There are a lot of cool things I could have done with a free Saturday night in Los Angeles.
I contemplated dinner at a trendy restaurant or checking out the vibrant club scene here in southern California.
But I decided to something even more outrageous in my spare time: I went through Erik Karlsson’s career penalty log to see if his newly-found diver reputation is warranted.
In the final minute of Saturday afternoon’s contest in Anaheim, Karlsson was tripped up by Ducks forward Ryan Getzlaf. There was no penalty called on the play, which would have given the Senators a legitimate chance to tie the game with a 6-on-4 advantage.
A bewildered Karlsson looked at referee Dan O’Rourke, who basically told Karlsson that he embellished the trip.
When we were in Paul MacLean’s post-game media scrum, the Senators’ head coach was absolutely livid with Karlsson’s label from the on-ice officiating crew.
"The referee informed us that (Karlsson) was a diver," said MacLean. "We were a little bit disappointed. Erik Karlsson leads the league in points by a defenseman, he’s an elite skater in the league, and, to this point in time, I can never remember him taking a dive.
"If it’s not a penalty, it’s not a penalty, but I don’t think you should be accusing someone of being a diver. That’s a pretty serious accusation, isn’t it?"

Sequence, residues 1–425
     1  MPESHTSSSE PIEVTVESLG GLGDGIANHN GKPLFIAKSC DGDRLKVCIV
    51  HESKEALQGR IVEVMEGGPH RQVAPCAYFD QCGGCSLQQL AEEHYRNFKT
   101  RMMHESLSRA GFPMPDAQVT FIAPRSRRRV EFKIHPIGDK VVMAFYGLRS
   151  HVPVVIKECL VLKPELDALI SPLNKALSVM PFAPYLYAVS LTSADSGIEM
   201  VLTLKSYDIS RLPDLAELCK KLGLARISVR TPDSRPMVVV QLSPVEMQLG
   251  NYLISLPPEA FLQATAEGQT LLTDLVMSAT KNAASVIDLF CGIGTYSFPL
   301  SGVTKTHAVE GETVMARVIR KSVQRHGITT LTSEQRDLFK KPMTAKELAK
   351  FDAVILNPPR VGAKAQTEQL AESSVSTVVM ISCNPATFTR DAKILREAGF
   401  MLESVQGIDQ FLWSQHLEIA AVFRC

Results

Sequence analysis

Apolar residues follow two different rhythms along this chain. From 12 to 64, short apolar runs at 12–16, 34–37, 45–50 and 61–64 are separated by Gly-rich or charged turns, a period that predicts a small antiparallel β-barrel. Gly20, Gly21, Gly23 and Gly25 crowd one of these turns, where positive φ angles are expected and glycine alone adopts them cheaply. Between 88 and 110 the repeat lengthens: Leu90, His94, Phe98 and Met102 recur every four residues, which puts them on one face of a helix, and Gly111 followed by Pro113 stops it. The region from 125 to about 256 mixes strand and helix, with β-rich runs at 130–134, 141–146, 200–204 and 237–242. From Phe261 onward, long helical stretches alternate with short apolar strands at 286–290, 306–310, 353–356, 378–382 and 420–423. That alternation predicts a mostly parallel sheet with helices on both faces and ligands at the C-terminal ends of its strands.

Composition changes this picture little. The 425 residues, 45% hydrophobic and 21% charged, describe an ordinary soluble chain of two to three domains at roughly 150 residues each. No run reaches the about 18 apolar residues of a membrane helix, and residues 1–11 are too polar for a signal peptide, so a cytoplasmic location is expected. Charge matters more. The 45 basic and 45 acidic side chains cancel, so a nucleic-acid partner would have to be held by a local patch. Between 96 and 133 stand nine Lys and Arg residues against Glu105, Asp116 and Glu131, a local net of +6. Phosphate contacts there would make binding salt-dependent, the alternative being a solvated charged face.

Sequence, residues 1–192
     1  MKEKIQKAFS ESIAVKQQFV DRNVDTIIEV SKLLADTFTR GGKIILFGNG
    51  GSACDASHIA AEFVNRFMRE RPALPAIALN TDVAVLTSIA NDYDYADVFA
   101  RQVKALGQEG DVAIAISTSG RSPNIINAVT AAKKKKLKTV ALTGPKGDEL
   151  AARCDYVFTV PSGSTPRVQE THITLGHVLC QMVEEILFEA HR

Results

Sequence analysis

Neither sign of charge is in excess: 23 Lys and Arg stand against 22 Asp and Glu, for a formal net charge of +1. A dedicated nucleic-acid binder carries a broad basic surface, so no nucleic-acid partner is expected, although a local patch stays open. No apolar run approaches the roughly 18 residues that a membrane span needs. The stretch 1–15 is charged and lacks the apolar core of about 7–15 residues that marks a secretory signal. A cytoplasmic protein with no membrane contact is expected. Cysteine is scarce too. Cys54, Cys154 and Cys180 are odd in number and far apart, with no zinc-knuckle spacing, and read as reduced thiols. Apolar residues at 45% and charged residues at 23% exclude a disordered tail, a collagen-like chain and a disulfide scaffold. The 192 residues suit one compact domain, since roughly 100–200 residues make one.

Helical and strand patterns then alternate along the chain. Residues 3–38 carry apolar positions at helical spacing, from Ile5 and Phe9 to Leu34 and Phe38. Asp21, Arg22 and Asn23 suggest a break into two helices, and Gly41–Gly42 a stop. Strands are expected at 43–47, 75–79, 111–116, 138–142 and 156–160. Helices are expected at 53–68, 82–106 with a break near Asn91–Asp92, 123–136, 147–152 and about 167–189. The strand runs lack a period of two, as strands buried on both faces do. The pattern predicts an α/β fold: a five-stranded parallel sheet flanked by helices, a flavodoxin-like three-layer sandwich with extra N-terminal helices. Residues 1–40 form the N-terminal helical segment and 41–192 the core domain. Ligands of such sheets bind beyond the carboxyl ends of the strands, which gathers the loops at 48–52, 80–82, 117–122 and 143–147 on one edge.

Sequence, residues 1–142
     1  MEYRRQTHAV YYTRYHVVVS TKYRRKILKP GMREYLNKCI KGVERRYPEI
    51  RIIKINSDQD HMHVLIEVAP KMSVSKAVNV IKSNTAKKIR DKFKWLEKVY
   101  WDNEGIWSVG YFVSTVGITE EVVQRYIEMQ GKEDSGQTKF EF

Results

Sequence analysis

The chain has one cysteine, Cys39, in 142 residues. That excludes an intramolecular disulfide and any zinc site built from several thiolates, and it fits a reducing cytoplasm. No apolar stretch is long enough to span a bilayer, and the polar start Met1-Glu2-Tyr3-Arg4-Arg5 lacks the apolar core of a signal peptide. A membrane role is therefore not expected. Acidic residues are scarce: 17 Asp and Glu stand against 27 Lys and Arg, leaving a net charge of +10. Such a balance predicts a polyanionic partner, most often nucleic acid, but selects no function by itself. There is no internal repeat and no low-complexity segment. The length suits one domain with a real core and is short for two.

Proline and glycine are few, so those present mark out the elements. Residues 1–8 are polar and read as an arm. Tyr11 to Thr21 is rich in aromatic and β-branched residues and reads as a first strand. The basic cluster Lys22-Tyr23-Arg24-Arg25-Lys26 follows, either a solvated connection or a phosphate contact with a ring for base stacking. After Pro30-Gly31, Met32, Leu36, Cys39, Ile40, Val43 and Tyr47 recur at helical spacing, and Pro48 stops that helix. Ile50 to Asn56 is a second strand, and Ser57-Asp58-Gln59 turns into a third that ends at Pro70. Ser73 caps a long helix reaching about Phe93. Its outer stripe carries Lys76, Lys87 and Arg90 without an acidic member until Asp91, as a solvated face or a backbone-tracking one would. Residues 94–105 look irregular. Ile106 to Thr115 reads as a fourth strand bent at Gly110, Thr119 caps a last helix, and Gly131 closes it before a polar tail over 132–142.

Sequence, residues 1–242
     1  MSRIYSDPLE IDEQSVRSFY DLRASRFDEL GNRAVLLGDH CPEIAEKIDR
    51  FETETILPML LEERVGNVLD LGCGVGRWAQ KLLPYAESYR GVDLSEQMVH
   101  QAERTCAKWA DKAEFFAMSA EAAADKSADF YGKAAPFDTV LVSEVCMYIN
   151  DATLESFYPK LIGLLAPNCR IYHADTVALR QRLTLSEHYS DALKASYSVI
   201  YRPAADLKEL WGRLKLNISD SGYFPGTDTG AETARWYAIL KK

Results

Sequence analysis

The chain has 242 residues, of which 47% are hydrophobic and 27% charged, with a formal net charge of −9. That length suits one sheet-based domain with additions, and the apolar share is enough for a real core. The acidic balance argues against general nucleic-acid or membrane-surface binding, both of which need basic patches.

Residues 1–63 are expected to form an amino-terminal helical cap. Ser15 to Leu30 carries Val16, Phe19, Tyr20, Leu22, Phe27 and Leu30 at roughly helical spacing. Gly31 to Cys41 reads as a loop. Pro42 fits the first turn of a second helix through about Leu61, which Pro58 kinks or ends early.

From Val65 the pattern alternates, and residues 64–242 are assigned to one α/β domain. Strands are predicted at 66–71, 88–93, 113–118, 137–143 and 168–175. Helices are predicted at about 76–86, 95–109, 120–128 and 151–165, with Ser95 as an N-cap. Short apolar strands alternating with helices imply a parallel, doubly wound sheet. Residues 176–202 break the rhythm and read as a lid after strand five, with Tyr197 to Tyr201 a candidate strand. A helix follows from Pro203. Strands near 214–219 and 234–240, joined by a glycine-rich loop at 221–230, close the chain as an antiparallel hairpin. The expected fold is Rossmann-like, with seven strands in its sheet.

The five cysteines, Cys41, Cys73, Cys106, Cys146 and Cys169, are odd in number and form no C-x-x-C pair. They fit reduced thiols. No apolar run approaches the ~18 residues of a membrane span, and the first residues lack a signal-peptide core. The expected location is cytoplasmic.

I agree with MacLean that calling someone a diver is a serious accusation, because that sticks with you for the rest of your career. Just ask Derek Roy if he ever gets the benefit of the doubt on a questionable tripping call.
So I looked up all of Karlsson’s 50 career minor penalties to see how many times he had been called for diving. His penalty log breaks down as follows:
Delay Of Game: 4
Playing With Broken Stick: 1
Unsportsmanlike Conduct: 1
In his three-year career in the National Hockey League, Karlsson has been called for diving just once. And the reason why Paul MacLean doesn’t recall the incident is because it occurred last season when Cory Clouston was the head coach.
Karlsson got called for diving late in the first period of a game against the Buffalo Sabres on March 13, 2011. Interestingly enough, Karlsson argued the call — and was slapped with an extra unsportsmanlike conduct penalty as well.
Now you might assume that O’Rourke — the referee from the Anaheim game — was involved with Karlsson’s diving call in Buffalo. But in actual fact, the two referees that night in Buffalo were Paul Devorski and Marcus Vinnerborg.
And on Thursday night in San Jose, the officiating crew of Brad Kimmerly and Steve Kozari failed to call a penalty against Sharks forward Patrick Marleau, after he blatantly elbowed Karlsson in the face. Karlsson went down, his nose bloodied, but there was no call from the referees, even though it appeared to be in plain view of the officials. These are examples of three different officiating crews believing that Karlsson is a diver, or at least someone who embellishes in their estimation.
So while the raw numbers don’t seem to indicate that Karlsson is a diver, he has clearly garnered a reputation as one by some of the officials in the NHL. And the problem with being labeled a diver is that perception is reality — even if the numbers don’t back it up.